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New Williams Public Works chief emphasizes wastewater, roads
In mid-November, the City of Williams brought on Artur da Rosa to be the head of the Public Works Department. Having most recently served in Oroville as the Director of Public Works and the city engineer, da Rosa brings 27 years of experience to the table, a good feel for the area, and an eye for economic development.
Da Rosa began working as an engineer with Caltrans in 1986 after receiving his degree from Brigham Young University. After 15 years with Caltrans, he began working as an engineer for Tulare County, where he stayed for three years before becoming the assistant public works director and assistant city engineer for the City of Delano. During his tenure in Tulare County and the City of Delano, de Rosa returned to school and received his master's degree in Public Administration. After nearly three years in Delano, de Rosa moved on to Yucca Valley as the Public Works director and town engineer. Two years later, he served in the same capacity in Oroville, where he also spent two years before arriving in Williams.
"The good thing about working for Williams is I feel like I know the area quite well. What the city is looking for and what I had to offer seems to be pretty close. Quite a number of cities would like some development. (Williams) has a lot of needs. When we talked (during the interviewing process), they said that if they could find someone who could help bring in economic development, that would be a big plus," da Rosa said. "Williams has to offer something special and unique that puts them ahead of competitors for attracting economic development."
Da Rosa said that he would love to join the community and move to Williams, but he will have to continue commuting from Oroville for now.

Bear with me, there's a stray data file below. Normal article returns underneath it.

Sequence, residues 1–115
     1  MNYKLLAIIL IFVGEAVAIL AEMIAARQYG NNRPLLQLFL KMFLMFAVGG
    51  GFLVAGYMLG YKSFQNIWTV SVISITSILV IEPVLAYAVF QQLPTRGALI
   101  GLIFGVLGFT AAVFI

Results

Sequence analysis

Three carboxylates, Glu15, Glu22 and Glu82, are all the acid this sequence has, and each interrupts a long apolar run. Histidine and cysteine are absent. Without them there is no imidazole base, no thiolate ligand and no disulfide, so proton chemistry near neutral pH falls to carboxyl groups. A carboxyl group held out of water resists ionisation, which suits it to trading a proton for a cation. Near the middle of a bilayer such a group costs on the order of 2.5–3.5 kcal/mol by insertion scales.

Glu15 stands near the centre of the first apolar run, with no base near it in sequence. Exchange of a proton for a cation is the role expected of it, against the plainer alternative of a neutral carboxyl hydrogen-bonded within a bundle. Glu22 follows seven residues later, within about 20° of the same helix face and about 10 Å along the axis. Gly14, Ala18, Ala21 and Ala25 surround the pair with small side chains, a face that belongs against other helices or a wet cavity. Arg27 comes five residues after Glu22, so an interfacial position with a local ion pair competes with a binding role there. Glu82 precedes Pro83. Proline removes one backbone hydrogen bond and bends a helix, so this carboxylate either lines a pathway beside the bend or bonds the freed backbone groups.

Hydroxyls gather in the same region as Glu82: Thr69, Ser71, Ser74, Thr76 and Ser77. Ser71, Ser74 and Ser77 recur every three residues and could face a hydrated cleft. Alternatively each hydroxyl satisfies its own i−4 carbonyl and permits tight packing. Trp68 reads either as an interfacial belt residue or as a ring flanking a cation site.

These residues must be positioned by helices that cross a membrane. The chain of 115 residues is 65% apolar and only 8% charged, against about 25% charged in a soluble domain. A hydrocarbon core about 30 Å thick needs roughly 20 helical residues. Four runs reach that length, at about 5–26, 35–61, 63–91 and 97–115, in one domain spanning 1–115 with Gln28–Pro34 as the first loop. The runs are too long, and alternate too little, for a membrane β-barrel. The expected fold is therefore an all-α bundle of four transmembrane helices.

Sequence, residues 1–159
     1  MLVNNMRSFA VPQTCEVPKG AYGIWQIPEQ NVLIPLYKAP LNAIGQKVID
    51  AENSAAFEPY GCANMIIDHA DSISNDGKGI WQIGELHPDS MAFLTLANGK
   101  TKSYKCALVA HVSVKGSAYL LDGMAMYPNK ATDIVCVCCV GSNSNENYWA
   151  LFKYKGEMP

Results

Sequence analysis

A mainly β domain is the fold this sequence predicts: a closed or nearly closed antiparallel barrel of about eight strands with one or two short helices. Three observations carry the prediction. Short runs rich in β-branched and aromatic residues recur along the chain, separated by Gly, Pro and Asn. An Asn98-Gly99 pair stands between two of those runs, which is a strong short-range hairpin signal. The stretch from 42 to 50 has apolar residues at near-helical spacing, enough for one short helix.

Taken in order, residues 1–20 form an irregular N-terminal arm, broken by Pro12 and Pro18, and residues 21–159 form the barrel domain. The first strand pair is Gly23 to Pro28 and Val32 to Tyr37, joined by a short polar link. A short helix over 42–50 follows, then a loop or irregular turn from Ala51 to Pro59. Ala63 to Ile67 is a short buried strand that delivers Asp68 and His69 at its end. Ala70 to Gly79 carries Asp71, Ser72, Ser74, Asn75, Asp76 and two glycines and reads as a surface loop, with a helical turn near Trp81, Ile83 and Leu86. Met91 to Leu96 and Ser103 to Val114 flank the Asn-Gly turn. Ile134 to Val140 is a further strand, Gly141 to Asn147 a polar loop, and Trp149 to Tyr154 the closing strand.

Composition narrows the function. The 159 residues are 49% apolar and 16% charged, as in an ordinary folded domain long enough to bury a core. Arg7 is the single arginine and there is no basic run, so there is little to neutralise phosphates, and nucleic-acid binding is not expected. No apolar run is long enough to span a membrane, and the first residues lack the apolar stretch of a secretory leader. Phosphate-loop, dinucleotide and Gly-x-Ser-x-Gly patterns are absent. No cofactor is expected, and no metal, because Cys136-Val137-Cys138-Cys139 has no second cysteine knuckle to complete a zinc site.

"It boils down to an economic decision," da Rosa said, adding that his family was already established there.
While his experience with bringing development helped land him his current position, his primary role as director of public works will be to manage the city's public facilities and infrastructure.
The most glaring needs in public works, da Rosa said, is to optimize the performance of the city's brand-new wastewater treatment plant and to make repairs and improvements on many of the city's roads.
Currently on da Rosa's agenda is working on implementing an automatic meter reading program. At the Williams City Council meeting on Wednesday, da Rosa received authorization from the council to issue a request for product samples and demonstrations for automatic meter reading products.
There are two general options under consideration. One is installing a tower system — where readings are sent to a centralized location — at a cost of $400,000. The other possibility is a drive-by system, where readings are sent to a vehicle, at a cost of $200,000.
Da Rosa said that about a quarter of the water staff's hours are spent doing meter readings. An automatic meter reading program would allow those hours to be used elsewhere, while allowing the city to see the discrepancy between the water that the city is pumping and what is going through the meters.